On the close-captured hi-zoot Blue Grass of 3 Fervent Travelers' Time for Three with its scraping strings and smoking bows—or as IMG puts it, "the world's first classically trained garage band"—this avoids the kind of shrill strident glassy bits which two vigorously bowed violins on the wild side of the TV series Justified can exhibit. Gato's voicing thus steps back from the edge. As a result one suffers no encounters with flintiness. For the majority of listeners that's a perfect trade. On USB and my Windows PC, Kresten called it "a compatibility issue between the USB driver software and your system. There can be many reasons and I'm afraid I'm not able to pin it out for you." PureMusic's Rob Robinson or Emerald Physiks' Clayton Shaw had used TeamViewer log-on to remotely trouble-shoot or set up my Mac. Gato prefer not to.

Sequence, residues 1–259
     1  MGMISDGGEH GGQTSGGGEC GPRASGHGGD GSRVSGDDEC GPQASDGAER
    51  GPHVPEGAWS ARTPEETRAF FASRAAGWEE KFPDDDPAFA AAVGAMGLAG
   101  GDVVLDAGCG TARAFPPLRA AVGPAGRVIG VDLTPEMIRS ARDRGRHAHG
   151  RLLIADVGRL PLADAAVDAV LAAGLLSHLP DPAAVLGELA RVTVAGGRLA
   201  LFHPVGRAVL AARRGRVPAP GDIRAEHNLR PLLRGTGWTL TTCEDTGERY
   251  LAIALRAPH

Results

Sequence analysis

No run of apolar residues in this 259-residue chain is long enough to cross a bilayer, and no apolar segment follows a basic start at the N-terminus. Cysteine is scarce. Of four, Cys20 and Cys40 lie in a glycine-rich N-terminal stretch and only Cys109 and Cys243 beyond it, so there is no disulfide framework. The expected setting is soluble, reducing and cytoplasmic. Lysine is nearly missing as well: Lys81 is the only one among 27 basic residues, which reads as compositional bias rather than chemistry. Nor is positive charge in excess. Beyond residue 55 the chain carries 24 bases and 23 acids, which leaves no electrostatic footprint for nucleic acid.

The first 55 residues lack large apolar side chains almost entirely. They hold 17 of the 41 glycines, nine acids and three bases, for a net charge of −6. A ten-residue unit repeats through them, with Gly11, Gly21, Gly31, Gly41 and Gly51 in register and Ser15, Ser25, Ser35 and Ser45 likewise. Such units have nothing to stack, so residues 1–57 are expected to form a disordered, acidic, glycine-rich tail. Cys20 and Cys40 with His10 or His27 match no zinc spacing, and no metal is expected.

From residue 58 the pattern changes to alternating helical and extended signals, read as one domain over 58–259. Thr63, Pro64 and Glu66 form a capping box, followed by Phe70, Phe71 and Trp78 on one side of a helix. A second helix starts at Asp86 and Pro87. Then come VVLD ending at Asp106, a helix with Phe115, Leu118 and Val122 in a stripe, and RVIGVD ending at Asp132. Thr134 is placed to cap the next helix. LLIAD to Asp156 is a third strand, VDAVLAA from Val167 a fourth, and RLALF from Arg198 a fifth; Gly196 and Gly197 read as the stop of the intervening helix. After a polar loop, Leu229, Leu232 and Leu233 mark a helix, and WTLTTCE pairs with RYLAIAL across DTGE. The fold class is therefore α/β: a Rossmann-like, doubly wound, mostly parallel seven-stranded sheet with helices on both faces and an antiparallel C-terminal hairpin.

"Usually we would have a distributor and/or retailer help our customers at this point out in the field. Accessing private computers even with permission raises a whole slew of security questions we don't want to begin considering. We don't want access to a customer's computer not because we can't but because we don't want the responsibility of handling private data, system stability etc." This is why I detest Microsoft's dependency on USB drivers for any and all 96kHz+ DACs. Apple's plug'n'play approach is so much easier if you're not a computer whiz to sort out this type of annoyance. Kresten: "I've been working most the day testing the USB driver trying to replicate the issues you've had. I turns out that our most recent driver version—the one you have—is more likely to have compatibility issues than the previous one. I'll be sending you an older version to install if you want to give it another go." Did I ever. I really wanted this to work. Alas no joy. I got the same prior 'if the device is connected already, unplug and replug it' circle jerk to never complete the device installation. "The only difference between the two drivers should be Win8 support. I could provoke sort of the same issues you have on a Win7 machine and solved it by installing the driver I sent. I've got one more driver to try." That sadly didn't even unzip all its elements properly to fail installation. Despite valiant efforts on Kresten's part, he finally conceded defeat from afar.